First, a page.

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Aaron Eamer


Posted Monday, November 18th 2019

Five things we learned from Flyers v Royals

Bristol Flyers toppled the group leaders London City Royals in front of packed house at the SGS College Arena on Friday night.

Club statistician Aaron Eamer picks out five key talking points from the hard-fought win.



The Flyers showed us something very different in the early-goings of Friday night’s game, throwing up threes and making them at a consistent rate.

In the first quarter, the home side made 6/11 from behind-the-arc, meaning 18 of their 23 first quarter points came from distance.

That consistency wouldn’t carry through to the rest of the game though as the Flyers went on to make just five more from three-point range, taking 17 more shots in the remaining three quarters.


With three-point opportunities becoming less frequent in the second quarter, the Flyers took to relying on other options – options which were primarily off the bench.

Of the 19 points scored in the second quarter, the Flyers bench were responsible for making 17 of them. This bench line-up was also able to hold the group leaders to just 15 in the quarter to keep hold of the lead at the half.

Marcus Delpeche’s eight points led the side through the period with Fred Thomas the only man to score that started the game.


After the break the Flyers defence seemingly fell apart and it was a case of damage limitation ahead of regrouping before the fourth.

The Royals, having just scored only 15 points in the second quarter, almost doubled that in the third, scoring 28. Ed Lucas was the man causing much of the problems, adding 12 points in the quarter.

It wasn’t down to the Flyers turning over the ball, or giving up offensive rebounds, the Royals were just super-efficient, making 11/19 of their shots.


From giving up a game-high 28 to giving up a game-low 10 in the fourth quarter it was a different attitude from the home team in crunch time.

The Flyers shot well, shooting 9/14 from the field and 100% of their free throws but it was the defence that really stopped the Royals in their tracks. The London side scored just 10 in the quarter, but the biggest point of this was that in the final five-minutes, in crunch-time, they scored just two. In five minutes of basketball the team top of the pile in the BBL Cup scored just two points.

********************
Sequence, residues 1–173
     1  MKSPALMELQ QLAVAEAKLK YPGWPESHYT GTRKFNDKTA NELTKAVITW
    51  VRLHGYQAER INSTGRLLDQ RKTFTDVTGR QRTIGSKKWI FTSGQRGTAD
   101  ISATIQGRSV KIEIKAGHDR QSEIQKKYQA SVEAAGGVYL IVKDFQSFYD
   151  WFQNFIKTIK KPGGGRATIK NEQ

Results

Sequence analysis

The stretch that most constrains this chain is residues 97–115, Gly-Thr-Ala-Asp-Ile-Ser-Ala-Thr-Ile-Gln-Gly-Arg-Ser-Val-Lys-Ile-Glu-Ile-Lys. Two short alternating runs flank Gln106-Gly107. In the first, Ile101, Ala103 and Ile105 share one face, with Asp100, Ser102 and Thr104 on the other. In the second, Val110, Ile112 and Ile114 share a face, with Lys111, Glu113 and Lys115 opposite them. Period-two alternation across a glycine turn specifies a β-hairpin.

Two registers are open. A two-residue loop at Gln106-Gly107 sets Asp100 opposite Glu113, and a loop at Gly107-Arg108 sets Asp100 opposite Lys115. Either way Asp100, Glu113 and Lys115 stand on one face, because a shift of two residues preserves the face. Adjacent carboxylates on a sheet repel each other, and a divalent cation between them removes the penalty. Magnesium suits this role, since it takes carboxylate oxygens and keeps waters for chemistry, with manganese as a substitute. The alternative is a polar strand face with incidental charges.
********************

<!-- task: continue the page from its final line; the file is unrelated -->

The Flyers scored 16 over the same five minutes, winning the game by 10.


The second half was very much down to which team could score on the fast break. As I mentioned in my last piece, if you can get opportunities on the fast break it’ll mean the opposition defence aren’t set and you can find gaps at a much better rate.

In the third quarter, the Royals scored 13 of their 28 on the fast-break. In the fourth quarter, the Flyers scored 12 of their 26 points on the fast-break which allowed each team to take command of the game. Fortunately for the Flyers, they took command at the end.

About the contributor

A passionate fan of basketball since 2004, Aaron briefly played at SGS (then Filton College) under Head Coach Andreas Kapoulas.

Fast forward a number of years, Aaron now contributes to recording the statistics for the Flyers home games as a club Statistician, you’ll often find him sat at the table courtside taking stats into his laptop at every home game.

Do you agree with Aaron? Follow him on Twitter @eamer and let him know what you think!